There is a pull over parking place on the west side of the road but there is not a sign. A trail leads down to Indian Creek and you have to find a place to step across the creek and then follow the trail to the right side of the canyon wall. Creek junctions like this one are a typical place to look for petroglyphs.
The Indian Creek has year round water and a lush riparian habitat between steep sandstone canyon walls. A little further west the canyon widens and there are good pasture and farm areas. The Shay Canyon Creek was dry in late fall when I visited.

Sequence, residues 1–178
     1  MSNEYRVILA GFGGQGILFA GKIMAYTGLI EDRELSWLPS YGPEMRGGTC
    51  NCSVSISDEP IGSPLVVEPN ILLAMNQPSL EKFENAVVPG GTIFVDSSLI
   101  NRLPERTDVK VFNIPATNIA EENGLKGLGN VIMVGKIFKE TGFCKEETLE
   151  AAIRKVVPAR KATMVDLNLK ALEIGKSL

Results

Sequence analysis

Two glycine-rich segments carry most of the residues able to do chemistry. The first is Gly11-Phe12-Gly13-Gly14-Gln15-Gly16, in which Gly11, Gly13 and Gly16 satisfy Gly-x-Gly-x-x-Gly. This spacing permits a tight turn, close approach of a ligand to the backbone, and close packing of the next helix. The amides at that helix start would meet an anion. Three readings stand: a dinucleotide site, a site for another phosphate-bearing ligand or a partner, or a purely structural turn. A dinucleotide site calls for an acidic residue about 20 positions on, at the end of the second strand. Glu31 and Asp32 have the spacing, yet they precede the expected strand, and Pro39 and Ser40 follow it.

These panels show a lot of animal figures mixed with some human figures. One can guess that there may be some relation to hunting rituals and to religious activity. There is no interpretation information at the site and we are left to admire the rock art and wonder about them.
Some of these figures are considered to be the Fremont Indian style but the Fremonts are not thought to have lived in this area. The style could have been copied by Ancestral Pueblos or perhaps the Fremonts visited this area for hunting. This view has the often noted copulating sheep in the upper left and a flute player in the lower left.
Most of the figures here are at eye level but there are a few that are very high on the sandstone walls in locations where it is hard to see how anyone got up there to work.